Photo Cred: Jay Caboz
Oceans Not Oil national coastal protest 4- 6 Feb 2022
Once again ordinary South Africans are coming out in their numbers all over the coastline in solidarity with a growing network of affected small-scale fishers and indigenous communities, environmental justice organisations, ocean and climate activists to demand the halting of oil and gas development in our oceans.
On Monday (7th Feb) the application to halt the West Coast seismic survey by Searcher Geodata UK Limited (Searcher) will be heard in the Cape Town High Court. Their permit area is enormous, encompassing 297 089 km2 located offshore between the South African/Namibian border and Cape Agulhas. The west coast fishing communities have contested the way in which the permit was issued by the Department of Mineral Resources and Energy and the Petroleum Agency of South Africa, saying that they were not consulted and have a deep, vested interest in preserving the natural environment of the west coast, which is the source of their livelihoods.
The Shell survey, and now the Searcher survey, required no Environmental Authorisation when applying for a Reconnaissance Permit when they were submitted. Both applications have simply produced an Environmental Management Plan (EMP). Searcher has applied for a Reconnaissance Permit in terms of Section 74, specifically, of the Mineral and Petroleum Resources Development Act (No. 28 of 2002) (MPRDA) thus differing importantly in that they do not have to do a full EIA in terms of National Environmental Management Act for their permit.
Marine scientists Drs. Jean Harris, Jennifer Olbers and Kendyl Wright state in their report, ”Of specific concern is the impact on humpback whales and southern right whales which are still frequenting the west coast during the summer months (December – February), the impact on critically endangered (leatherback) turtles (migration routes in the area), the critically endangered African Penguin (changes in foraging behaviour and impacts on fitness) and the Cape fur seal (and consideration of current mass die-offs). Recent literature provides credible concern about ecosystem/food-chain impacts of seismic surveys, that may in turn have impact on fisheries, the severity and localisation of which will depend on coincidences with spawning and juvenile recruitment events.”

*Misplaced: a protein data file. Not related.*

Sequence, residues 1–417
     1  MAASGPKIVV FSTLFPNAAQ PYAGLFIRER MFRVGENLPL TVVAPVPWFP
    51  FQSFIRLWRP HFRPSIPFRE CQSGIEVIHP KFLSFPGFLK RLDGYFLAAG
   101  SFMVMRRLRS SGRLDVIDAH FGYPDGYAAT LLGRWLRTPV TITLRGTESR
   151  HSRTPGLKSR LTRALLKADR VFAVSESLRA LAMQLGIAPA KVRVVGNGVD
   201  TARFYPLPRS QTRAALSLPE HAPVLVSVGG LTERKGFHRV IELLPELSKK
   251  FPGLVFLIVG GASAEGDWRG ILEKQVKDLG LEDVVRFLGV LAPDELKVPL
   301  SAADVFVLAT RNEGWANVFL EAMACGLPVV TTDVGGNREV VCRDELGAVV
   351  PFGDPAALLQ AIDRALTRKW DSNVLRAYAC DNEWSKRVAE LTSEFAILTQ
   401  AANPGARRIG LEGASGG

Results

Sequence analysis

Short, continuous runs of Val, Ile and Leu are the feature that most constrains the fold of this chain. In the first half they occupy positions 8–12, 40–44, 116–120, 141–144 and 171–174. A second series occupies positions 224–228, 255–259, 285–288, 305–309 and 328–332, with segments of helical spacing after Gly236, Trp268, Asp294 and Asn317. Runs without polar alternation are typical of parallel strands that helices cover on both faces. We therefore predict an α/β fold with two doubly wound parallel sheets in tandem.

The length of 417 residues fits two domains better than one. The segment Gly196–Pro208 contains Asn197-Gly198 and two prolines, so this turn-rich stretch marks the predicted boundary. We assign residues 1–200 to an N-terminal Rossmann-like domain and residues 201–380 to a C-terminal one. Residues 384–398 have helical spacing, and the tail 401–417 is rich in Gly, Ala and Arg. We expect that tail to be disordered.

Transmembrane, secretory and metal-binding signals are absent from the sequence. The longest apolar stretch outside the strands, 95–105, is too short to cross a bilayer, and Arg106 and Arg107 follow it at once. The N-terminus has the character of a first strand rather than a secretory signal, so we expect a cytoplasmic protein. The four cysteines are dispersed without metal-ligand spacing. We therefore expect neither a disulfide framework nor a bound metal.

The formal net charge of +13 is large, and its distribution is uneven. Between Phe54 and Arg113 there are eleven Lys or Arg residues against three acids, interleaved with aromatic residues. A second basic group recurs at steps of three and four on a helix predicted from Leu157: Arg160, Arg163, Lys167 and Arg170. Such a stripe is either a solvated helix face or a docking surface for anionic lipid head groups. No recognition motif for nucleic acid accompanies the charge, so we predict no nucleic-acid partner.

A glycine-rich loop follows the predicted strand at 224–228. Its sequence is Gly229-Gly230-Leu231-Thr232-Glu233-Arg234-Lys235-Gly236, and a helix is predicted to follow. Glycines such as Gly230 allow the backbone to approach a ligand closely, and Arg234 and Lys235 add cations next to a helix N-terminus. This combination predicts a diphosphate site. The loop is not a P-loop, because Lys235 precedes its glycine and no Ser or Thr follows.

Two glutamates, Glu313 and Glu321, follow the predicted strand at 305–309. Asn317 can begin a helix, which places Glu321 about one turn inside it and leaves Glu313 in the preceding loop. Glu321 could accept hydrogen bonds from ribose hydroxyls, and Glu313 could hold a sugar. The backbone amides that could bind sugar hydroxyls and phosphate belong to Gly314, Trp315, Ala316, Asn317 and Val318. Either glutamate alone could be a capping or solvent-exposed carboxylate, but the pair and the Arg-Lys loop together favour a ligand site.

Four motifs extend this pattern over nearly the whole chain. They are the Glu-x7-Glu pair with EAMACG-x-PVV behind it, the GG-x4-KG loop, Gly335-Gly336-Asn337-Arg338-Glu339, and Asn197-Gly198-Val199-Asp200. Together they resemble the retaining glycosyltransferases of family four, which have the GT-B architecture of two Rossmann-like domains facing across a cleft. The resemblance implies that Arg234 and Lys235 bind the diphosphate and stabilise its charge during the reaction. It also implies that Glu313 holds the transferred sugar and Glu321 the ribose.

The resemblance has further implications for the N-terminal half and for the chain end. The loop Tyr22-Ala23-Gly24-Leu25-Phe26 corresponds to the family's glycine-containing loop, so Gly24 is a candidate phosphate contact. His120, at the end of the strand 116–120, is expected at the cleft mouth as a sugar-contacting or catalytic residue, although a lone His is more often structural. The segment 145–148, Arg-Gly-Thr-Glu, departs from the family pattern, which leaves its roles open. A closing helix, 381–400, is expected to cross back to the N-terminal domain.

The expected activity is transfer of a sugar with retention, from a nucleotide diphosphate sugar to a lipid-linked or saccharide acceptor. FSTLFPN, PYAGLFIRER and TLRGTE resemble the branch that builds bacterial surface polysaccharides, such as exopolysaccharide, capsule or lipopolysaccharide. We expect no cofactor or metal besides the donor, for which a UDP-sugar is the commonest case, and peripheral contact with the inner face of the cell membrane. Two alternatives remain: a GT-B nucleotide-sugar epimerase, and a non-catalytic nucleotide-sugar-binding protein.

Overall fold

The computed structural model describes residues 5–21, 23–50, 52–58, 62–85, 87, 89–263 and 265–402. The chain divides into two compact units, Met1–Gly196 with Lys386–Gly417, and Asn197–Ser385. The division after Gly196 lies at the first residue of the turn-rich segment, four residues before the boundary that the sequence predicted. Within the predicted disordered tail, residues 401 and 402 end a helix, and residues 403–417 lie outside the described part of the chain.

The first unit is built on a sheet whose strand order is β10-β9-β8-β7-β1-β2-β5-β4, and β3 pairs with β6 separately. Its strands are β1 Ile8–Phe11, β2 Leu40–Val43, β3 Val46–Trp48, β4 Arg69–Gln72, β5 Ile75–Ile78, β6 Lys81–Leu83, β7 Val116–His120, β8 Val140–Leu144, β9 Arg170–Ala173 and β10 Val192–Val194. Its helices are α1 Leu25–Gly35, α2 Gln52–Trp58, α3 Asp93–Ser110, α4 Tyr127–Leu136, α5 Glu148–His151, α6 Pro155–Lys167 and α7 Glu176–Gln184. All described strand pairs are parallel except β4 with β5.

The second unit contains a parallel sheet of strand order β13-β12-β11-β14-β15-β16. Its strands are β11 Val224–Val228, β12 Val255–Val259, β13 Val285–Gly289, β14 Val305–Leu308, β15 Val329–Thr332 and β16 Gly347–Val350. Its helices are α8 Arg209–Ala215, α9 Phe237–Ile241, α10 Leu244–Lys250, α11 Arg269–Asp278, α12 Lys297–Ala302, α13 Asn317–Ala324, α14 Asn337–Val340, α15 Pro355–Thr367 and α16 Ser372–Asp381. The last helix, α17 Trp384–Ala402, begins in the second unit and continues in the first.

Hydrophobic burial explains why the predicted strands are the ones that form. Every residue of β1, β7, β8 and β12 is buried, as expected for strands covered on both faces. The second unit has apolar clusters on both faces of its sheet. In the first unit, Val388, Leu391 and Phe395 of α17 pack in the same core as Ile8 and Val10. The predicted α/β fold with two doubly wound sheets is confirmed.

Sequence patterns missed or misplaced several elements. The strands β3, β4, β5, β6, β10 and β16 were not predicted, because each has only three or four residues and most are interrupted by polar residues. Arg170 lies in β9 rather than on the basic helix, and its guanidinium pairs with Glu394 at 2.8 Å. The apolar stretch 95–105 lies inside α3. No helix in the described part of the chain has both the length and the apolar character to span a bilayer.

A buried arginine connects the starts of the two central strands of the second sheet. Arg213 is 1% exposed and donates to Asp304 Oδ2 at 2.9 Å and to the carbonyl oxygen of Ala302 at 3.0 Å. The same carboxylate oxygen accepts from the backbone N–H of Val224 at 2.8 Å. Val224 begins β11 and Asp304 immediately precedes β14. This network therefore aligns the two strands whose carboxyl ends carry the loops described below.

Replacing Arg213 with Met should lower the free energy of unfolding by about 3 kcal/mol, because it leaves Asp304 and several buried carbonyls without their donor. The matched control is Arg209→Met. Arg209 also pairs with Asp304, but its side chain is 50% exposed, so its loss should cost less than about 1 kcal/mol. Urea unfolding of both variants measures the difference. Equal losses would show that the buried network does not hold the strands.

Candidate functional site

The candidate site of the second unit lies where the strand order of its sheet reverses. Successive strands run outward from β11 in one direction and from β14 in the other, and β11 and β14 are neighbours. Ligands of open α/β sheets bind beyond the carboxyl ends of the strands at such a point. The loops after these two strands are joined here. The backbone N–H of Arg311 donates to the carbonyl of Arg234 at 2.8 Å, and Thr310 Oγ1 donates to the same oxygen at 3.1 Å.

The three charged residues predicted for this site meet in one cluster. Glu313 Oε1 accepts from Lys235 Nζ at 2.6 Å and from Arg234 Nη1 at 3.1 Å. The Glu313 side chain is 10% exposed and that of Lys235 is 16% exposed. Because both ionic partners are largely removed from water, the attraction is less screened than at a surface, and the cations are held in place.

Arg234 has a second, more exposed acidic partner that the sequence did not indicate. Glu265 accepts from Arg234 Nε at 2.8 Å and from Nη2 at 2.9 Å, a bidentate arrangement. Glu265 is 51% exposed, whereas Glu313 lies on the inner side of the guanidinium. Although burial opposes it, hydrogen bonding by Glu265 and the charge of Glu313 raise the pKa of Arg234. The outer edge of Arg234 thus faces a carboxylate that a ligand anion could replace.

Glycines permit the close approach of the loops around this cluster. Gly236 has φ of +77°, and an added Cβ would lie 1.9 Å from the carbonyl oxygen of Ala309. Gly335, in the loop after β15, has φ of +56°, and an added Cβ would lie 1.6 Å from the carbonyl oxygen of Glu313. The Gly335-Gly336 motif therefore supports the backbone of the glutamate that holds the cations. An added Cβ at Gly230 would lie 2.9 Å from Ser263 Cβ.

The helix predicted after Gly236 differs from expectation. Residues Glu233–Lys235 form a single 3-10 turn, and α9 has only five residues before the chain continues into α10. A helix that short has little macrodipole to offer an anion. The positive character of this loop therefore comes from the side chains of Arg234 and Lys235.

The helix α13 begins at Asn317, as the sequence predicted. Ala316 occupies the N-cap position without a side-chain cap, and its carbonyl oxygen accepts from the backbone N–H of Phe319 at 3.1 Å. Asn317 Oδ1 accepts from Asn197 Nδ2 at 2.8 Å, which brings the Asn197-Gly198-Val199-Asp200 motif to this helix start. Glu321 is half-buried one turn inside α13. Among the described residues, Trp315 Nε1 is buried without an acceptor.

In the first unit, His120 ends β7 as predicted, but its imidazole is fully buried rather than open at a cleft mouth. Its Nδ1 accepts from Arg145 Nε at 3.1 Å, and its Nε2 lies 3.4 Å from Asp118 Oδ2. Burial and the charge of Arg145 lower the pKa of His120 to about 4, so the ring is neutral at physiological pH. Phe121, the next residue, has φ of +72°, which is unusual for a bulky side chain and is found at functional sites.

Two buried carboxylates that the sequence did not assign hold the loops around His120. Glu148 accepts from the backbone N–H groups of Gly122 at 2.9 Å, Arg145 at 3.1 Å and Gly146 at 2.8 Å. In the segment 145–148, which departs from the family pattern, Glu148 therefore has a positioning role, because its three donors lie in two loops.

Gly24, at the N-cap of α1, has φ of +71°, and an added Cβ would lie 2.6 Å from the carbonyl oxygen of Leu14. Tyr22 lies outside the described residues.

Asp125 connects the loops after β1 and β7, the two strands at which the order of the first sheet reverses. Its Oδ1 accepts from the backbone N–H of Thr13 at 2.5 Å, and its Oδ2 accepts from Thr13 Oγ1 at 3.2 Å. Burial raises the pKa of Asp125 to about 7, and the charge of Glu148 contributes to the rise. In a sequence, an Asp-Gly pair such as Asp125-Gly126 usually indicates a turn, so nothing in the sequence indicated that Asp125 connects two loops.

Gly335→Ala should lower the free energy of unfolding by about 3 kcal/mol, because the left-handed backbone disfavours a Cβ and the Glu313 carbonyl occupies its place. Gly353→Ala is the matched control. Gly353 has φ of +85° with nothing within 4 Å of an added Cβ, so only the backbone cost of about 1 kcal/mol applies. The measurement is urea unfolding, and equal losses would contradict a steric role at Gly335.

To begin development of offshore gas development at this stage of global warming makes the fundamental assumption that planetary tipping points and accelerating climatic events will wait, while South Africa adds gas to its reliance on coal, and that their consequential greenhouse gas (GHG) emissions will be benign. Given the existential issues at play that cannot be easily undone, and the enormous risk to ocean life that is already deeply compromised by ocean warming, acidification and deoxygenation, and that customary rights, heritage and livelihoods are becoming collateral damage, we are demanding an end to government’s push for oil and gas.
This ecological crisis demands ingenuity and imagination that only thinks with earth systems, replacing fossil fuels with renewable energy sources such as solar, wind, tidal, gravity and wave energy, hydroelectric, biomass and geothermal power. To get caught in the loop of using what gas reserves we have simply locks another fossil fuel in to our emissions trajectory. Like asbestos, fossil gas is a resource that climate science insists must stay underground.